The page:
D&L Industries, Inc. will delay the earliest start of commercial operations (SCO) for its Batangas plant to May 2022 after its subsidiary was granted an extension by the Philippine Economic Zone Authority (PEZA).
“Our existing capacity is still sufficient to serve requirements in the near term, as such the extension in the SCO should have no material impact on current operations,” D&L President and Chief Executive Officer Alvin D. Lao said in a statement on Thursday.
Wholly owned unit D&L Premium Foods Corp. (DLPF) will be manufacturing various food ingredients for the company’s export business. DLPF was originally scheduled to begin its commercial operations by October this year.
PEZA granted DLPF an SCO extension to January 2023, following challenges brought by the recent surge in coronavirus disease 2019 (COVID-19) infections and the reimposition of stringent lockdown measures and shipping delays for the plant’s equipment.
However, another D&L wholly owned subsidiary Natura Aeropack Corp. (NAC) will start commercial operations in May next year as scheduled. It will be the first plant to operate within the company’s Batangas plant. NAC will be manufacturing coconut oleochemicals for different consumer care products.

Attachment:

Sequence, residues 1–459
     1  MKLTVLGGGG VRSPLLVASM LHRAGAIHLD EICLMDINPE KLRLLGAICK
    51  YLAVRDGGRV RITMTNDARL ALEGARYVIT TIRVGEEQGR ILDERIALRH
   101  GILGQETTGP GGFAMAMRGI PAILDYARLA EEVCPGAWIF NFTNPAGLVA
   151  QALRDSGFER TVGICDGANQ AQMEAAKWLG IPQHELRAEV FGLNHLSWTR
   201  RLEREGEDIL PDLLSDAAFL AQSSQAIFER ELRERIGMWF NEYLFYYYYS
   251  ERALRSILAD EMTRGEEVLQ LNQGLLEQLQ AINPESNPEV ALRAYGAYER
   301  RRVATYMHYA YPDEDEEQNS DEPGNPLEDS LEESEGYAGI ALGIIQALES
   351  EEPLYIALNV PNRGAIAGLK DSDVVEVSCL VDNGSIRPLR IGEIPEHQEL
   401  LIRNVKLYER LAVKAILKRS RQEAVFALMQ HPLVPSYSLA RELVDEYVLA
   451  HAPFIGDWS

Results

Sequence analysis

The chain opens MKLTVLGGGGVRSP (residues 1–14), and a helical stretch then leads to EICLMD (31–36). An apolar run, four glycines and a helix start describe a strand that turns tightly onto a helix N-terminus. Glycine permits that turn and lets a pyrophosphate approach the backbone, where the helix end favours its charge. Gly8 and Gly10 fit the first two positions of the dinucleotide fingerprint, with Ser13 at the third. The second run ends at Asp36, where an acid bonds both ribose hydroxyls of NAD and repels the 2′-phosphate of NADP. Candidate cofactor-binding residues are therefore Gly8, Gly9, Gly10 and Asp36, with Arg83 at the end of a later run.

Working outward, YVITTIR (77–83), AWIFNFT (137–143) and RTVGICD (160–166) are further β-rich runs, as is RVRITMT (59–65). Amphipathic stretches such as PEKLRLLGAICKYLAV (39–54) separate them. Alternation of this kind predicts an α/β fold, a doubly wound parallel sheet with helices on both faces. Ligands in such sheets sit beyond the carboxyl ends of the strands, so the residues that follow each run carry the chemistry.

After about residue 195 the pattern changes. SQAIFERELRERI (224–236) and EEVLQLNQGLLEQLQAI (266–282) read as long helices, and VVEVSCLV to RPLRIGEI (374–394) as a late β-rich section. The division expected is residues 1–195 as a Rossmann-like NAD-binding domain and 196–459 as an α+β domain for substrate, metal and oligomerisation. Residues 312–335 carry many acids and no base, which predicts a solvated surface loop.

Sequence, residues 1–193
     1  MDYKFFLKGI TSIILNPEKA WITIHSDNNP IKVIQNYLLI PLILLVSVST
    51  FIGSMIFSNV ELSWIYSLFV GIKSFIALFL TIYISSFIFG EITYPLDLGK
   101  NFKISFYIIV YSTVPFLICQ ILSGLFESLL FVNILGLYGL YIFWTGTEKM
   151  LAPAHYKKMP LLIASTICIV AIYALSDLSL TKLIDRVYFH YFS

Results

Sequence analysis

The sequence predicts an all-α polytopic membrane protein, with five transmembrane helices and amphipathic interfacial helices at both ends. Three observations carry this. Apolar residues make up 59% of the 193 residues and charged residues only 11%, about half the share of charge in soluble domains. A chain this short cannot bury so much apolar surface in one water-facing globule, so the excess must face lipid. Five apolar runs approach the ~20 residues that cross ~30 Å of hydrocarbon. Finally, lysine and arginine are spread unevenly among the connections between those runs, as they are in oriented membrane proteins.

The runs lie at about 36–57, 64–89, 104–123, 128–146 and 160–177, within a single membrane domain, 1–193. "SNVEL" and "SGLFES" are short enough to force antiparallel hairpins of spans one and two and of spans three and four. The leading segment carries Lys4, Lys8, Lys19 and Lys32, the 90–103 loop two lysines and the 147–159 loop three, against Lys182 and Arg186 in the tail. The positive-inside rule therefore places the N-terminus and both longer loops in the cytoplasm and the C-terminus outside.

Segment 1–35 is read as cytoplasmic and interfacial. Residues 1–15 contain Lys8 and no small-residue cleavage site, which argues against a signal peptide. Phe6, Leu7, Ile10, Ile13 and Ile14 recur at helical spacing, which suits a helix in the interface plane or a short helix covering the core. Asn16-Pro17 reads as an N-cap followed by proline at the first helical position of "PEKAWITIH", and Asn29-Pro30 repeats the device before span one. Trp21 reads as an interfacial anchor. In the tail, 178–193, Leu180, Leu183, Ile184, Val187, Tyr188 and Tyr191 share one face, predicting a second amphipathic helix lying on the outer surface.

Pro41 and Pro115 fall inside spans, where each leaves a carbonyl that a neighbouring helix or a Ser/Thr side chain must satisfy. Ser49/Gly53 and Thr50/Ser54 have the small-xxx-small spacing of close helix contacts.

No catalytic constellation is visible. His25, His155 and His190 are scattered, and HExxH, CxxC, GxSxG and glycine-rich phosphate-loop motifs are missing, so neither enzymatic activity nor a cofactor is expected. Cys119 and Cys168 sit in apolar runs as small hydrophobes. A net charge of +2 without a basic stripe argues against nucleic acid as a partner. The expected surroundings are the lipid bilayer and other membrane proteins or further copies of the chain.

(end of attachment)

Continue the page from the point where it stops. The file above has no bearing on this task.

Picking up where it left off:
D&L said it remains “committed” to its Batangas expansion project. The plant is situated on a 26-hectare property in its First Industrial Township – Special Economic Zone, half of which is covered by the ongoing expansion called Phase 1.
“We see ever-growing opportunities in relevant industries in the new normal that we can tap into with this new plant,” Mr. Lao said.
The plant will be dedicated to D&L’s growing export business in the food and oleochemicals segment. It will give the company capability to manufacture downstream packaging, which will also allow D&L to “pack at source.”
“This means that D&L will have the ability to process the raw materials and package them closer to finished consumer-facing products,” the company said.
D&L has spent around P4.5 billion so far for the project and has some P3.5 billion earmarked in remaining capital expenditures for this year and the next. In June, it filed a registration statement with the Securities and Exchange Commission for its maiden P5-billion fixed-rate bond offering to further fund the expansion project.
The company said it is in a “far better position to thrive in an adverse environment and a potentially protracted economic recovery period,” noting strong demand.
D&L recorded a 35% recurring net income growth year on year in the first quarter to P695 million, while its total net income grew 41% to P724 million. D&L believes it can reach its 2019 income levels should it maintain this momentum in the succeeding quarters.
On Thursday, shares of D&L at the stock exchange declined by 2.10% or 17 centavos to close at P7.92 each. — Keren Concepcion G. Valmonte